Mkhwebane vs Gordhan: 'No merit in suggestion PP erred in imposing remedial action on president'

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Public Protector Busisiwe Mkhwebane.
Public Protector Busisiwe Mkhwebane.
Raymond Morare
  • Public Protector Busisiwe Mkhwebane in court documents argues there is no merit in suggesting she erred in imposing remedial action in the Pillay pension saga.
  • The Public Protector's legal team argues this is premised on the mistaken belief the president's powers are strictly confined to hiring and firing a minister.
  • The Public Protector argues the president has certain powers as the head of the executive.

There is no merit in suggesting Public Protector Busisiwe Mkhwebane erred in imposing remedial action on President Cyril Ramaphosa in the Ivan Pillay pension saga due to the absence of an employment relationship rendering the remedial action taken against the president "incompetent".

"This ground is premised on the mistaken belief that the president has no power to discipline a minister or to admonish him or her and that the powers of the president are strictly confined to hiring and firing a minister," advocate Dali Mpofu SC, on behalf of Mkhwebane, argued in court papers.

This as the Gauteng High Court in Pretoria is currently hearing an application by Public Enterprises Minister Pravin Gordhan to review and set aside the Public Protector's report 24 of 2019/20.

READ | Mkhwebane vs Gordhan: Remarks made by Gordhan constitute criminal contempt, court hears

The report found - among other things - the allegation that then-finance minister Pravin Gordhan had irregularly approved the early retirement of the former deputy commissioner at SARS, Ivan Pillay, with full retirement benefits and his subsequent retention at SARS was substantiated.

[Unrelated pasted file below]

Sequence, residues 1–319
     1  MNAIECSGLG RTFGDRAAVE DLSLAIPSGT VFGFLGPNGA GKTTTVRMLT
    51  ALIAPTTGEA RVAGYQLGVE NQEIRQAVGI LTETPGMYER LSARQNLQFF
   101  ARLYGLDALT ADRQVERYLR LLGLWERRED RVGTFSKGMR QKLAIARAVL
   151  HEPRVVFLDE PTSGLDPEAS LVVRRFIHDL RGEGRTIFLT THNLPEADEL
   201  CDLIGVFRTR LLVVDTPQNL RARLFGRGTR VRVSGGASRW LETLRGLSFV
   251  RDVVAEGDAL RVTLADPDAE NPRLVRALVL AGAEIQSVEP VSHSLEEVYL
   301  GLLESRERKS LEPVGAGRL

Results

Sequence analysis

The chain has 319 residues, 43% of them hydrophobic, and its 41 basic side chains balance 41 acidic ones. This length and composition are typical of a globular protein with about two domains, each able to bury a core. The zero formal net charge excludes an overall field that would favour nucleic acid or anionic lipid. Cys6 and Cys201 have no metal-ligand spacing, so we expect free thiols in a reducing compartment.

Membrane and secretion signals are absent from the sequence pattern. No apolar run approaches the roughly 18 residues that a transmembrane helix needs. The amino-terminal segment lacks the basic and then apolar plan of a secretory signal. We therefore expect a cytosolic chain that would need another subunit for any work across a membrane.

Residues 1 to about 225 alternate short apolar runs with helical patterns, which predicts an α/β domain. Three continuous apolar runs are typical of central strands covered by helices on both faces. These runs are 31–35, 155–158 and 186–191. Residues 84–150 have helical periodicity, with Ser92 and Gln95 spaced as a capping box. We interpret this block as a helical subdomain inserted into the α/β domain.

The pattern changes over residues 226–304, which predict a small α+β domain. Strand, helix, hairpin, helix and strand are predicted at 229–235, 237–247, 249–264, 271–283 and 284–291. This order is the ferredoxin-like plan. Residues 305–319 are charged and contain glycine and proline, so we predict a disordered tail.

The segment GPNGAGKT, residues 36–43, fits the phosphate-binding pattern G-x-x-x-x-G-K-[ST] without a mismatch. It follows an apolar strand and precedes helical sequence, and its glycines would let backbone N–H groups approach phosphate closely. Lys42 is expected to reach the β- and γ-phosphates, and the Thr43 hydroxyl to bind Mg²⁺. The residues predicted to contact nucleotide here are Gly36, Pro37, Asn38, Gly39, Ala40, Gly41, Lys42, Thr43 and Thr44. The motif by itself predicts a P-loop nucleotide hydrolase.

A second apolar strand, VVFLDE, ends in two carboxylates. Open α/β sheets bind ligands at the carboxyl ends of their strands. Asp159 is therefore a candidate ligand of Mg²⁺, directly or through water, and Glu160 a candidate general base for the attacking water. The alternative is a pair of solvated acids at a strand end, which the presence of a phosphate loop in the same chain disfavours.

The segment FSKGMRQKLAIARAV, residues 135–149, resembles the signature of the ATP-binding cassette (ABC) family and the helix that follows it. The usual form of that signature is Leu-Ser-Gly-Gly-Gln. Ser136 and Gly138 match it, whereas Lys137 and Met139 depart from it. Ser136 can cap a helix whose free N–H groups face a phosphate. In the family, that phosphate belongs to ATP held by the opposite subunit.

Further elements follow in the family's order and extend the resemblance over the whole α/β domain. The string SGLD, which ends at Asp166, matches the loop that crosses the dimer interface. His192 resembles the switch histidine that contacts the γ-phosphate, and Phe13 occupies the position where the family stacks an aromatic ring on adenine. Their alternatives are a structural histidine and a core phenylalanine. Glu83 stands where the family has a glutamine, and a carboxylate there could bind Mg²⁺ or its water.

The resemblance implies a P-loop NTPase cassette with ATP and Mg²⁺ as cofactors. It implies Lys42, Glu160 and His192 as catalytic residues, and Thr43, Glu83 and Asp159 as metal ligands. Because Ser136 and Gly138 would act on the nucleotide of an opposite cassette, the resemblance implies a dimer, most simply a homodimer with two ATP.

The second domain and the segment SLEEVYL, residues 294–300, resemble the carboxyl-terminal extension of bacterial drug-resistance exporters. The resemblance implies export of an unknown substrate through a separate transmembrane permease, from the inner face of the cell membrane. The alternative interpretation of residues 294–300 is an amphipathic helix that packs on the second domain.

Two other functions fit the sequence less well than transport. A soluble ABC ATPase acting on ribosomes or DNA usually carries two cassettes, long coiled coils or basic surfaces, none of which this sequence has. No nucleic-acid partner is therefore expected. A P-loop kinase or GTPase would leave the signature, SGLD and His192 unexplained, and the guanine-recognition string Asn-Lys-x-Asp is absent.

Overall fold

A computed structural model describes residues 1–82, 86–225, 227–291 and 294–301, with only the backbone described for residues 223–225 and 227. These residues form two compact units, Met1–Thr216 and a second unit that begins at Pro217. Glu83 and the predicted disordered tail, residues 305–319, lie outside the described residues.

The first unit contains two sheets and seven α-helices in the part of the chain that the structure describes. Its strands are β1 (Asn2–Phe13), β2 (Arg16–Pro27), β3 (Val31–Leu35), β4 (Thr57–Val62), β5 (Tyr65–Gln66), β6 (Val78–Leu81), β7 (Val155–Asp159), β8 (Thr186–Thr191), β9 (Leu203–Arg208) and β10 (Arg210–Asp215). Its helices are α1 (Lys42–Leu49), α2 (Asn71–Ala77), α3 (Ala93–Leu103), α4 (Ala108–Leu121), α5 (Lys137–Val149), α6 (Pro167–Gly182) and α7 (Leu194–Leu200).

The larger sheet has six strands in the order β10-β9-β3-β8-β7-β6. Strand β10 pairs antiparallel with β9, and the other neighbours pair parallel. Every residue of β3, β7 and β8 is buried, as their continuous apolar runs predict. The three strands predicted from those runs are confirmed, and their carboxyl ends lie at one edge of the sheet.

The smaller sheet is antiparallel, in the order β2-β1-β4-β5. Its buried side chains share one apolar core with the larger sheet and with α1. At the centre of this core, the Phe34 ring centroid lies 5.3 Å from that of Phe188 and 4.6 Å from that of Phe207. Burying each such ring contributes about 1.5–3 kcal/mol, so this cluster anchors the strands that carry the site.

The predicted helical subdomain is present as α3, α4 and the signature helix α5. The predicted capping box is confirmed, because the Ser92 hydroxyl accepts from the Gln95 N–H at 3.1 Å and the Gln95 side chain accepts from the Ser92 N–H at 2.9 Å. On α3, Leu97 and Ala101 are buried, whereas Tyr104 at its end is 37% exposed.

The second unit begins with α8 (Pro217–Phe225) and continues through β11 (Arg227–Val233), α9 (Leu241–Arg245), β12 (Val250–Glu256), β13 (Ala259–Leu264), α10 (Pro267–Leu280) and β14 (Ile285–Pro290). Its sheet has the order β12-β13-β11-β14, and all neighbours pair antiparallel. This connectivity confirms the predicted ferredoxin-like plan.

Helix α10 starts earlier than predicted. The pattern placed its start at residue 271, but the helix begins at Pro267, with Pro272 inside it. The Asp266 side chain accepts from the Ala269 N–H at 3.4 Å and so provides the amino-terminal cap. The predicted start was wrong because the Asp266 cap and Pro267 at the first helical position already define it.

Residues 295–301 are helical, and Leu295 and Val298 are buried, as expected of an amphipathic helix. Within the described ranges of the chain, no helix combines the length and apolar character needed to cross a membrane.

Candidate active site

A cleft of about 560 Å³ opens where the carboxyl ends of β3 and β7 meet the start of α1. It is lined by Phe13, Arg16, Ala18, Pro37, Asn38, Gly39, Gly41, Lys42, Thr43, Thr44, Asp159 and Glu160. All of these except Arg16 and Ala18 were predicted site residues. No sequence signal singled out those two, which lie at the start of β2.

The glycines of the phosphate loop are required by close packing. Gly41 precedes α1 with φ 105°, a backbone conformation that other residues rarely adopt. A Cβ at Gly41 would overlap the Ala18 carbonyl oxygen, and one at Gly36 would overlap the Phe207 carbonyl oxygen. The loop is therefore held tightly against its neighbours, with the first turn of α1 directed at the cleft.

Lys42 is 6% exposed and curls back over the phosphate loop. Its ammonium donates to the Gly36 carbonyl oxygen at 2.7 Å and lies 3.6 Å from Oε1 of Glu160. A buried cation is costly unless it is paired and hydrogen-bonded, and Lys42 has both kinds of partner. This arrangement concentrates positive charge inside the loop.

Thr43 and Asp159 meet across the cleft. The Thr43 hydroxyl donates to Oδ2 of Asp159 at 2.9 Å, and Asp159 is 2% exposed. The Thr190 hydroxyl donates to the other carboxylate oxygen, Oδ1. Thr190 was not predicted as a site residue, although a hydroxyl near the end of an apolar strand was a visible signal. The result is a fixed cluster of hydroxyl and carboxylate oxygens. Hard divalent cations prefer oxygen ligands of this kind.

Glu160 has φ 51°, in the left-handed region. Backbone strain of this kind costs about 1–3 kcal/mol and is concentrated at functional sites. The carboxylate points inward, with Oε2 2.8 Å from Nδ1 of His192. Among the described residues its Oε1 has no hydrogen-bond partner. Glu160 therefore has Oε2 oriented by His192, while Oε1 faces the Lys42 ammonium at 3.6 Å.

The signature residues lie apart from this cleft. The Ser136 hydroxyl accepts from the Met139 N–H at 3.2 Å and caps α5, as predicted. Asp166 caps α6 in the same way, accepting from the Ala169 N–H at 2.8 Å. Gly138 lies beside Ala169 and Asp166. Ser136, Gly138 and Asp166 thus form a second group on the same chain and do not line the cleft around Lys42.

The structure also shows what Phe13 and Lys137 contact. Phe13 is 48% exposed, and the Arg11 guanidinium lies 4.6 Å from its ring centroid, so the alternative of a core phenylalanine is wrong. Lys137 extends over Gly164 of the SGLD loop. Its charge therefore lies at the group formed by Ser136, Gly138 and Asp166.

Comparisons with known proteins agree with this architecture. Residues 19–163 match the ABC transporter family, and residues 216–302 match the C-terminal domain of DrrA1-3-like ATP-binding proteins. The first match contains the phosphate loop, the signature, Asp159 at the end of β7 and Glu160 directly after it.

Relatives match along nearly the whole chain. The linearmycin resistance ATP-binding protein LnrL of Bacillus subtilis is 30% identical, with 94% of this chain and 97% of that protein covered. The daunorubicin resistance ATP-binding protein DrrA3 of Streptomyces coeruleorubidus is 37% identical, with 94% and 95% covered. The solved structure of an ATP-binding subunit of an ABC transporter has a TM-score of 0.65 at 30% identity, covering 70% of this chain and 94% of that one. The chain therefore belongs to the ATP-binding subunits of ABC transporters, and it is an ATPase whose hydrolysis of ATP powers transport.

The report, in its remedial action, further recommended the president take appropriate disciplinary action against him [Gordhan] for failing to uphold the values and principles of public administration entrenched in Section 195 of the Constitution, and the duty conferred on members of the Cabinet in terms of Section 92(3)(a) of the Constitution, to act in accordance with the Constitution.

Mkhwebane - in court documents - further argues there is no merit in this suggestion [by Gordhan] because in terms of Section 83(a) of the Constitution, the president is the head of the executive.


"His power to appoint ministers, in terms of Section 91[2] of the Constitution, automatically encompasses the concomitant power to take disciplinary action against those he has appointed, included but not limited to their removal, admonishment, warning, etc.

"These powers necessarily form part of the resident's 'residual authority as head of the national executive' and, as the appointing authority, with the express power to hire and fire," the heads of argument read.

Mkhwebane, in court documents, further stated the president's competence to discipline his ministers, outside the power to remove, was "directly acknowledged and acknowledged by the Constitutional Court in the EFF vs Speaker of the National Assembly decision" when [in summary] it issued an order that the president must reprimand the ministers involved pursuant to the Public Protector's remedial action.

"Neither the president nor, with respect, this court has the power to second guess the lawfulness of an order of the Constitutional Court.

"The competence of the president to implement the remedial action is therefore beyond any question," she stated in court documents.

The case continues.

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